Just an observation. Rocco frequently gets he accomplishments to modified racing marginalized for not being a top competitor in the NWMT. No one I can recall has even hinted at the suggestion the Owen is not up to snuff for not racing on the Tour. His support always centers around the SK’s but in many respects Owen and Rocco share the same approach to racing and their contributions to it. Owen is always a top 5 car and a multi feature winner but expectations are always moderate for him. I wonder why.

  7. Crazy in NY says

    Can you name a TTOM race Rocco almost won? How about a top 3?

  8. WeldingWonders says

    How about 8th in the Haunted Hundred?

  9. Hey Wonders – When was the last time that someone claimed that Todd was the successor to TC? That might be why no ones bashing him. He’s a class act that goes out, works hard, and sees success from his efforts. Rocco much the same, but there’s that element that always is putting him up as the next greatest mod driver of all time. There’s the difference.

  10. WeldingWonders says

    So Rocco takes hits on not being a force in the NWMT because many view him as the next greatest mod driver of all time and many feel you can’t be that unless you are a force in the NWMT at some point. Owen is not considered in the same class as Rocco for the consideration so whether he ever races on the Tour or not is not a big deal. Fair enough.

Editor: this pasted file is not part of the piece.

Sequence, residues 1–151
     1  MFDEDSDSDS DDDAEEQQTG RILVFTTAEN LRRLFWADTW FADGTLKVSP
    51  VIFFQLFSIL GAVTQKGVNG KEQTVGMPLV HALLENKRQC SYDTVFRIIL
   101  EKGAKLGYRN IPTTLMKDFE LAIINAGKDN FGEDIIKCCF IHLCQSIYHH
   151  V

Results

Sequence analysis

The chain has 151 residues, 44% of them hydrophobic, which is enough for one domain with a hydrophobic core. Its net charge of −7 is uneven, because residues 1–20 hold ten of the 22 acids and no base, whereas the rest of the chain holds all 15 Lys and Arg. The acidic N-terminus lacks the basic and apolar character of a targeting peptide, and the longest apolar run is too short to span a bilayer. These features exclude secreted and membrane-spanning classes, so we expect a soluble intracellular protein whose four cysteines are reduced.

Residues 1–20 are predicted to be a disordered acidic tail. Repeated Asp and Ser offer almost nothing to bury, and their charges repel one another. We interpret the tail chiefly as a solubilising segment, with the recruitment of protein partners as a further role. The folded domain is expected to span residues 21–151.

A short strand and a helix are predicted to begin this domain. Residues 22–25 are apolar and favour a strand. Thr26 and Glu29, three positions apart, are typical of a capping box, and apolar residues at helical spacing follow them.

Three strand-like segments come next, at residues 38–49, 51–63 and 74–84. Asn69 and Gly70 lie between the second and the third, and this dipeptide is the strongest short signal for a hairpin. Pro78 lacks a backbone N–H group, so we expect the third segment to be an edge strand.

11. I find it hard to root against a car named “Herbie”…

    Best of luck in 2018 to Todd!

  12. TC got his firs modified tour win in his 11th year and after 80 starts. 0 wins in his last 65 starts
    Rocco has 30 starts in 7 years and no wins .

    It takes good equipment and a good team to win on the tour – no easy task without these things

  13. WeldingWonders says

    I don’t think anyone that follows racing could ever actually root against Owen. On the other hand I’ve never heard anyone show any real deep rabid support for his either. More like polite appreciation. He’s in the perfect neutral sweet spot.